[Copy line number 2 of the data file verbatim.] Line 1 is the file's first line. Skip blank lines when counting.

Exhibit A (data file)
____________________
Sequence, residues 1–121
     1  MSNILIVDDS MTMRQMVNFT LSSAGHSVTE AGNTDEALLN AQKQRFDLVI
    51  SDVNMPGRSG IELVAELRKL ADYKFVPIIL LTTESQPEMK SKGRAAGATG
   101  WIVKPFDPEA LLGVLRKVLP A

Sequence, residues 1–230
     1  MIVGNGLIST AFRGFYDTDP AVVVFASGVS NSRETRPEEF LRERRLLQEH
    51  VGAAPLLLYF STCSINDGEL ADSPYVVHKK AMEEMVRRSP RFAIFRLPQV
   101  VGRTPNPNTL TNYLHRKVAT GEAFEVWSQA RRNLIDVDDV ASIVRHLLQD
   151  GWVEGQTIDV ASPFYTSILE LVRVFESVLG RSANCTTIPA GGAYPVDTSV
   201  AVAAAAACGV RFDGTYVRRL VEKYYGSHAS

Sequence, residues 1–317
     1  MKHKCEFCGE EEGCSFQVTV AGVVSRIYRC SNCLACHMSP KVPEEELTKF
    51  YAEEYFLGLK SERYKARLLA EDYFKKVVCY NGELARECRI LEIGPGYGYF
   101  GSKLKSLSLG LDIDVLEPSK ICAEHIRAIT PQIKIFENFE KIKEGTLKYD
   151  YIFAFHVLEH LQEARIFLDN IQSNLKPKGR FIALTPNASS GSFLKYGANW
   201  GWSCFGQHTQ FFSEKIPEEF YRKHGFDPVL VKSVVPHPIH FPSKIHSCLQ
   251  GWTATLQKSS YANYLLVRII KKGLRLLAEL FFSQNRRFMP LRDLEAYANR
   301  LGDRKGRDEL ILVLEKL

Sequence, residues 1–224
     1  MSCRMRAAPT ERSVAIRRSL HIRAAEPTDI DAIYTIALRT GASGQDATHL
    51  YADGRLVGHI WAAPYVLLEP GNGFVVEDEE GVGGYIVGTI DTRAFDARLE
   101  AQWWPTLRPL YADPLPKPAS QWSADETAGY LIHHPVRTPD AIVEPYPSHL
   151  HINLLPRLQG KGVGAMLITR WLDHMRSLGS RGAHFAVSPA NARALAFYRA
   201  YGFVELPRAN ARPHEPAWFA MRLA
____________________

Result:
     1  MSNILIVDDS MTMRQMVNFT LSSAGHSVTE AGNTDEALLN AQKQRFDLVI